A charity dinner and auction in aid of Armed Forces personnel affected by military service has been hailed an “incredible success” by organisers at Turn To Starboard…

Turn to Starboard held its annual fundraising event for the first time at The Drapers’ Hall in central London. The prestigious black-tie event raised £60,000 towards the charity’s work supporting injured veterans using the therapeutic effects of sailing from its base at Falmouth in Cornwall.

More than 200 guests from the military and marine industry enjoyed a 3-course dinner and entertainment in the historic hall, before bidding on an exciting array of auction lots donated by companies and individuals from across the UK. Prizes included a private aerobatic display that sold for £7,000, a VIP day with the Red Arrows for £3,000, sailing holidays, helicopter flights and autographed memorabilia.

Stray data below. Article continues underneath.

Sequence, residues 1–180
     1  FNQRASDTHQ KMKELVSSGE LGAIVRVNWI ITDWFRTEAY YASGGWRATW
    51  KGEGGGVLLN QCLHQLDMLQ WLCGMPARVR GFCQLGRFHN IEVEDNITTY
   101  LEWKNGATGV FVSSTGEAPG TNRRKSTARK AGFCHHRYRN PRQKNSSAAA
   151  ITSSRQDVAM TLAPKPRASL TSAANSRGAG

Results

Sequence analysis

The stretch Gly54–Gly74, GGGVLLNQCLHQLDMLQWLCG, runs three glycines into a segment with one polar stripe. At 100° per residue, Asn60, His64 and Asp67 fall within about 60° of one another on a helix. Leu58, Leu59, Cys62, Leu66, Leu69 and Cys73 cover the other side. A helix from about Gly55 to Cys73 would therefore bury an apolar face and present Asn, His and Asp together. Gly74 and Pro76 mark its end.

Guest speaker and Olympic rowing champion, James Cracknell OBE, spoke in front of the audience with former RAF Air Commodore Richard Mason OBE about mental health in the military and heard about the “empathy, positivity and life-saving support” Richard had received while sailing with the charity.

Classically trained soprano, Kirsten Mulcahy from Falmouth, later serenaded guests with songs including Wherever You Are by royal wedding composer Paul Mealor, originally written for the Military Wives Choir and featured in the BBC2 series, The Choir.

Shaun Pascoe, Chief Executive and founder of Turn to Starboard celebrated the success of the evening by highlighting how the money raised will help to improve the lives of those who served for their country. He said: “I am always astounded by the generosity and warmth of those who support Turn to Starboard.

“I would like to say a huge thank you to everyone who came along to the event, to everyone who donated the fantastic auction prizes and to Drapers’ Hall for helping make it such a memorable evening. The event was an incredible success with an outstanding amount of money raised, with every penny going towards helping to improve the lives of those affected by military service.”